Saying No to Secrecy

Saying No to Secrecy

McLean Citizens Association raises concerns about the growing veil of secrecy around Dulles Corridor Rail project.

The McLean Citizens Association (MCA) is not a fan of secrets — particularly when they pertain to the Dulles Corridor Metrorail project.

At its May 2 Board of Directors adopted a resolution expressing the McLean Citizens Association’s concern about the “excessive secrecy which has developed around the Dulles Rail project.” In the resolution, the MCA requests that public officials open the process to public view.

“They need to release as much information as possible about the project as it moves forward,” said Dan Alcorn, co-chair of the McLean Citizens Association Transportation committee.

The MCA was inspired to draft a resolution on the issue after reading newspaper articles in the Washington Post and the Washington Examiner that described a growing atmosphere of secrecy surrounding the deliberations between the Commonwealth of Virginia and the Metropolitan Washington Airports Authority (MWAA) regarding the progress of the Dulles Corridor Metrorail project.

The need for closed sessions has been attributed to concerns about litigation, however many members of the McLean Citizens Association are still suspect.

“In the article, one of the board members indicated that discussion may have gone well beyond that limit,” said Alcorn.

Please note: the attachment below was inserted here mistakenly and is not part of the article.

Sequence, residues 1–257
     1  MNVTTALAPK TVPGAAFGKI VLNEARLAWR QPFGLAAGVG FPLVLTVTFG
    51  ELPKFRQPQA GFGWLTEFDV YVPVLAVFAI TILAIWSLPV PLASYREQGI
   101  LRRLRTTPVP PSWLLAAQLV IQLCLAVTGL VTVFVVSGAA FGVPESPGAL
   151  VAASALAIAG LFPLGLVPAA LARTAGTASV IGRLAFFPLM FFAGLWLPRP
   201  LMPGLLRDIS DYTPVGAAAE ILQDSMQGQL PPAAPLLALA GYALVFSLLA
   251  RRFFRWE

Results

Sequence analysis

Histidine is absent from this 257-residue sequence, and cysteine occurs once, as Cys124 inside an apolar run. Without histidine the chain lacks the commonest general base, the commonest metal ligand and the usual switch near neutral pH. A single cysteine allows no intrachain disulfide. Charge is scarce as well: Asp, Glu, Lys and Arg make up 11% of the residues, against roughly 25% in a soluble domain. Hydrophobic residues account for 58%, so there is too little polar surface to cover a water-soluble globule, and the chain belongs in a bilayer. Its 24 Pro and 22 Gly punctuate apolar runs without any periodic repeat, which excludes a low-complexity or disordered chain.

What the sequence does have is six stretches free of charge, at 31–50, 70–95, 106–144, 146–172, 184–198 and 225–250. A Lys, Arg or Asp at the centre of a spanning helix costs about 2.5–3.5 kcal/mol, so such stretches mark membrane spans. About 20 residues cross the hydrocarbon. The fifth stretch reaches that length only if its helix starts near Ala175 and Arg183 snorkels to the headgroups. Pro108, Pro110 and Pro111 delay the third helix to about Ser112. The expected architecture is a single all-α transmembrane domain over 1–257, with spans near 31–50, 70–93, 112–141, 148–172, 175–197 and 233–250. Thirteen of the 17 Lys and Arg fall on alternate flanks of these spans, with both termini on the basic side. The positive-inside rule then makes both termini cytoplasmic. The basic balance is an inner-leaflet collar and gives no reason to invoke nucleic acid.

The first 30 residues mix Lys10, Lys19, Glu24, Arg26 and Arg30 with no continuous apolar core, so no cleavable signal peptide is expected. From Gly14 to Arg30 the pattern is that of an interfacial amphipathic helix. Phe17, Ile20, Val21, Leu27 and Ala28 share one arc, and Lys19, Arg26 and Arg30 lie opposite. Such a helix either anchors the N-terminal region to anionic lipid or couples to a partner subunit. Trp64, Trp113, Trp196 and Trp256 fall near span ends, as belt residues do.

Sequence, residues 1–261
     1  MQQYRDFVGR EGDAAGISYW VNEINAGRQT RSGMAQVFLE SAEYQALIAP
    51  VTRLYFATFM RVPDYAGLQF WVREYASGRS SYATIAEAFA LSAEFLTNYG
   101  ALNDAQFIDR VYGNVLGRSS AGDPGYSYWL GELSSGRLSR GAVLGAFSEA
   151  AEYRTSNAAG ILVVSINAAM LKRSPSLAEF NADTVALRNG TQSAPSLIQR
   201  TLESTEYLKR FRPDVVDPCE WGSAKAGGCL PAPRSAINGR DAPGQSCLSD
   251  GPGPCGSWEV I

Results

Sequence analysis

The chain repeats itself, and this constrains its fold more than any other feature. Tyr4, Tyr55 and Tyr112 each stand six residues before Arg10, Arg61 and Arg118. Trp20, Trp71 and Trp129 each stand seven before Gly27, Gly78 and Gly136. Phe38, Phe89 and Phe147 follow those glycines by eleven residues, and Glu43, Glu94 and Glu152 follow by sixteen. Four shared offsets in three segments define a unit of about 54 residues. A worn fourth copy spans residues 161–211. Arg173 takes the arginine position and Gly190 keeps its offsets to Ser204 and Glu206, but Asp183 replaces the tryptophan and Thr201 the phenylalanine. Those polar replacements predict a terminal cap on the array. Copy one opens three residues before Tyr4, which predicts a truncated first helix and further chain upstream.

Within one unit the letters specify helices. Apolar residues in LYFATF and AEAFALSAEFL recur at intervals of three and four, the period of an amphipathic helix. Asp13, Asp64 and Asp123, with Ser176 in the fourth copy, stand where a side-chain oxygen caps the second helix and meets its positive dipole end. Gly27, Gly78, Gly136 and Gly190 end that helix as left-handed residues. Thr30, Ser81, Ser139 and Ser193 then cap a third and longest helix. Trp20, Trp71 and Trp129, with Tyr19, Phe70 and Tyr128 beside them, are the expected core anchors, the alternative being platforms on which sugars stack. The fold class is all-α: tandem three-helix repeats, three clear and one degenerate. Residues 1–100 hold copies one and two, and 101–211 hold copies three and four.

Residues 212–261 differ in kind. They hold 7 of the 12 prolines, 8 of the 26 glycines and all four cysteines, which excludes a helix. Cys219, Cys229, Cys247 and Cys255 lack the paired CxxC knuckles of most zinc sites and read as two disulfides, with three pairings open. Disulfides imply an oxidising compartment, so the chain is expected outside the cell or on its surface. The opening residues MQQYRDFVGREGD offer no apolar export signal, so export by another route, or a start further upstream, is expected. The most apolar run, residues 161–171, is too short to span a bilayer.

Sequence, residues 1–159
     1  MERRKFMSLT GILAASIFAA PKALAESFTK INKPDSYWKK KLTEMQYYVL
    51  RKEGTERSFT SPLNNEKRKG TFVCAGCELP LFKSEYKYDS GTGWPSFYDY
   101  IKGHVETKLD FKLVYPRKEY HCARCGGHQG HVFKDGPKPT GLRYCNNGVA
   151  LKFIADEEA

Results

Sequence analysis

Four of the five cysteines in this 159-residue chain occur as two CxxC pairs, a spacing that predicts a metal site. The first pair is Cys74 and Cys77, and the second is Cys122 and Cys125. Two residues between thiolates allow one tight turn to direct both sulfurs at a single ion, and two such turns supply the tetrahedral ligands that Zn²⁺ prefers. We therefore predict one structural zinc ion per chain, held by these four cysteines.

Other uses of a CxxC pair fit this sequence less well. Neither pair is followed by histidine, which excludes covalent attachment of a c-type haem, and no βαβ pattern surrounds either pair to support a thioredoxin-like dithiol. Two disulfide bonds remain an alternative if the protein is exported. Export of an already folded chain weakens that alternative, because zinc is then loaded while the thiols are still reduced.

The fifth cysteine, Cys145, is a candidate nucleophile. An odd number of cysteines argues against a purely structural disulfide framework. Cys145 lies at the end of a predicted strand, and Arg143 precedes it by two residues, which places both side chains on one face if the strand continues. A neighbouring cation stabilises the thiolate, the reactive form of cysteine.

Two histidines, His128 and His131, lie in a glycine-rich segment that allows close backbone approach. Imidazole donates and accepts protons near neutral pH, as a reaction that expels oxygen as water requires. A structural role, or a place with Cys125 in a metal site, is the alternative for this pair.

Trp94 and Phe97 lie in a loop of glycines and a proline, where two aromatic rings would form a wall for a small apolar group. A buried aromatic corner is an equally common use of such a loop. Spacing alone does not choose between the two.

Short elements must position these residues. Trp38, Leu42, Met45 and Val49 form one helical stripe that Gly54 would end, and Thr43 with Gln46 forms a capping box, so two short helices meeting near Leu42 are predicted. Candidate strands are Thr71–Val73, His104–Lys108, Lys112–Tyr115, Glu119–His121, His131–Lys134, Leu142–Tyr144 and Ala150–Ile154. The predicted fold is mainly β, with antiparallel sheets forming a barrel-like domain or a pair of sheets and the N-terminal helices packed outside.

HOWEVER, MCA Board member Margaret Malone expressed concern about basing a resolution on information obtained via newspaper articles.

“I think that writing a resolution based on one Washington Post article is premature,” said Malone.

But MCA Board member Darren Ewing said the resolution was well warranted and timely.

“This is not something we’re just reading in the paper and surmising,” said Ewing. “This is a fact — these meetings are closed.”

The Metropolitan Washington Airports Authority is slated to manage the Dulles Rail project, and MWAA representatives have said that the organization is not subject to either the Federal Freedom of Information Act, or the Virginia Freedom of Information Act.

Rosemary Ryan, a legislative aide in Dranesville District Supervisor Joan DuBois’ office, said Supervisor DuBois is currently looking into MWAA’s claim that it is not subject to the Federal and Virginia Freedom of Information Acts.

“Supervisor DuBois did contact MWAA, and I will have more information for the transportation committee,” said Ryan.

After incorporating a few minor changes in wording, the MCA Board ultimately voted to approve the resolution, which urges the Virginia General Assembly to enact changes to the Virginia Public Private Transportation Act or other laws “deemed to support excessive secrecy for this and similar projects.” The resolution also requests that Congress and the Virginia General Assembly enact changes to statutes governing the Airports Authority to make it subject to open government laws.